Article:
4. Plant a long hedge on the sides along the property lines with you neighbord. If this hedge closes in on your view, then your lot is likely too small. Return to step 1. A hedgerow along the edge of the property with the view must be considered carefully. Don’t plant one if it would substantially interfere with the view. Reinforce your hedges with chain link fences. Although often paired with trailers and other low architecture in the South and elsewhere, these fences will enhance privacy and be virtually invisible behind the hedges and from several hundred feet away.

The Breakers

Above: The Breakers, as illustrated in an article in New England Antiques.

That’s pretty much all there is to it. To add interest you can try out some of the advanced techniques below:

AT1. Plant trees, preferably deciduous ones, in small, naturalistic clumps towards the edges of your proerty line. Don’t let the trees encroach too much on either your view or the view that people will have of you. Smaller trees–no more than 20-25 feet tall–can make you property appear even larger, while at the same time giving it the sense that it’s emerging from some dark wood.

AT2. Inserting a formal, symmetrical garden is optional. However, it should never be the majority of your property, and it is best to place it towards the side of your property. Placing it in the center will make it the focus of the garden and detract from the view beyond, a technique that should only be used when your view is not as desirable as that of those around you. Remember that there must be more space devoted to a lawn than to a formal garden. Always.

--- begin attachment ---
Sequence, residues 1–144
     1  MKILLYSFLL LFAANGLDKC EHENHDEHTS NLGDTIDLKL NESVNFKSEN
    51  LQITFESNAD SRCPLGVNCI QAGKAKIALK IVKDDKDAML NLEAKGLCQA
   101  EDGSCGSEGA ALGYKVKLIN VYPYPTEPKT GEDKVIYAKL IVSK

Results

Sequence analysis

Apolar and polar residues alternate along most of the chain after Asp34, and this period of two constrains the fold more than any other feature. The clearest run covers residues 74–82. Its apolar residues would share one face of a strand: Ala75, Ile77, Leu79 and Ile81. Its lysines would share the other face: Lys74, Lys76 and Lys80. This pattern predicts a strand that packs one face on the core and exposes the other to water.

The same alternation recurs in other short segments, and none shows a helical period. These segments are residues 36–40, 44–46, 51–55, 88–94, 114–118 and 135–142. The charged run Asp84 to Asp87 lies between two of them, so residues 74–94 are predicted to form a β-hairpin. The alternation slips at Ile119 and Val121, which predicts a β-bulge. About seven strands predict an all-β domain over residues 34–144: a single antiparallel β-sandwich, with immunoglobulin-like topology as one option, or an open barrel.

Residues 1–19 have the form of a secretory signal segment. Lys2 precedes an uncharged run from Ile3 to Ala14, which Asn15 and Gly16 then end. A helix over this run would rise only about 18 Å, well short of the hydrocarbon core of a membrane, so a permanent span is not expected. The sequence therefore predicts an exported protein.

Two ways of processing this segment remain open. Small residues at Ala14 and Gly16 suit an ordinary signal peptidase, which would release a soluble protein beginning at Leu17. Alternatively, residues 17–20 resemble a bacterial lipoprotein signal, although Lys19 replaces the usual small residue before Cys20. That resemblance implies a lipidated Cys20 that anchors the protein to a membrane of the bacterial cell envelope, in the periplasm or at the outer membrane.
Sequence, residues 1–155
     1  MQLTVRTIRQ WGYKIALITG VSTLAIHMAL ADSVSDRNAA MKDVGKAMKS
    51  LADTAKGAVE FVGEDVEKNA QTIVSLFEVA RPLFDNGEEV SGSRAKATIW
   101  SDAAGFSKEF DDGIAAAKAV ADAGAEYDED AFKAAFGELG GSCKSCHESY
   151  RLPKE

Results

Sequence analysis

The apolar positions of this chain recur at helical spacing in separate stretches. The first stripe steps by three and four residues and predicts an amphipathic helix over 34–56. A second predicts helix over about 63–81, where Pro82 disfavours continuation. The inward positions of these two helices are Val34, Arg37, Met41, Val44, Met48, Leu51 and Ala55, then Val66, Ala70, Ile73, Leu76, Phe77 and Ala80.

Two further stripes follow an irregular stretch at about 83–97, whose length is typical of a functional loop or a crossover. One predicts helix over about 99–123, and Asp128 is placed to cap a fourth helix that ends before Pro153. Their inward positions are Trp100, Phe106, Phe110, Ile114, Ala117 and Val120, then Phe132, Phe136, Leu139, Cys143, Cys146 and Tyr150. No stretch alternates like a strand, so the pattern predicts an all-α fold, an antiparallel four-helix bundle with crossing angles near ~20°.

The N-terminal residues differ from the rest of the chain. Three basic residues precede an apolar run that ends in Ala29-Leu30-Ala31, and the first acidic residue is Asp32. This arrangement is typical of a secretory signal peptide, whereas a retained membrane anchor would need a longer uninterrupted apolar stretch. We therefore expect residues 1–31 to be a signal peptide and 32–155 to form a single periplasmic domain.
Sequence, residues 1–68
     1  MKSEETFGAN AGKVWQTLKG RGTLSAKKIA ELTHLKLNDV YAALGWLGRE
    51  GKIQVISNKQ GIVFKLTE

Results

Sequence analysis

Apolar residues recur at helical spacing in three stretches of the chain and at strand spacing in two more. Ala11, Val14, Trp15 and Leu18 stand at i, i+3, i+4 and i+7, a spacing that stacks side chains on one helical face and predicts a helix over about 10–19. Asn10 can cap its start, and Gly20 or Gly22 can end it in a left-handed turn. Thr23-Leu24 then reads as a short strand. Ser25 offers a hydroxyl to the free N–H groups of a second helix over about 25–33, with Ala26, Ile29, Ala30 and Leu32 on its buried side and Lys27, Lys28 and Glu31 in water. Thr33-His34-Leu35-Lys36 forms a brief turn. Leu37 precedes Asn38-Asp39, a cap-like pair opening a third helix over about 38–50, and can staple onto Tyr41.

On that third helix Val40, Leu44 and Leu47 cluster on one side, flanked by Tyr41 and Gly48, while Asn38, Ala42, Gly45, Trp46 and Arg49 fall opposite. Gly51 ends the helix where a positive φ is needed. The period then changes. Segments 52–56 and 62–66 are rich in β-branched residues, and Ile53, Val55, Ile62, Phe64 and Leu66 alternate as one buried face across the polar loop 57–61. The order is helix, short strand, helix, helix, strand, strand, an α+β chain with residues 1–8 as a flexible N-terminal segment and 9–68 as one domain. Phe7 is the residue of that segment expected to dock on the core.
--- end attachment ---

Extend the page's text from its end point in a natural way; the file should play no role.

AT3. Smaller shrubs in the 3-6 foot size may be employed symmetrically to accentuate the formal architecture of the house or to provide variety by being planted next to a straight-line planting of hedgerow. Be sure to have your gardeners form them into rounded shapes. Letting the shrubs grow naturally is not an option.
Some random mansion with shrubs employed to accentuate the formal architecture.

AT4. Permanent garden furniture generally should be avoided. However, a single piece, perhaps one small bench may be place far back into the garden, enhancing the sense of distance and space.

AT5. Smaller-scale garden art may be added, particularly to a formal garden. Stone urns, cherubs, and veiled goddess-ey characters are good choices. Human figures must be life-sized or preferably smaller. Naked figures are to be frowned upon in a Newport garden, though the exposure of a single female breast may be employed if done in impeccable taste. Save the less tasteful sculptures for the back yard of your Malibu estate.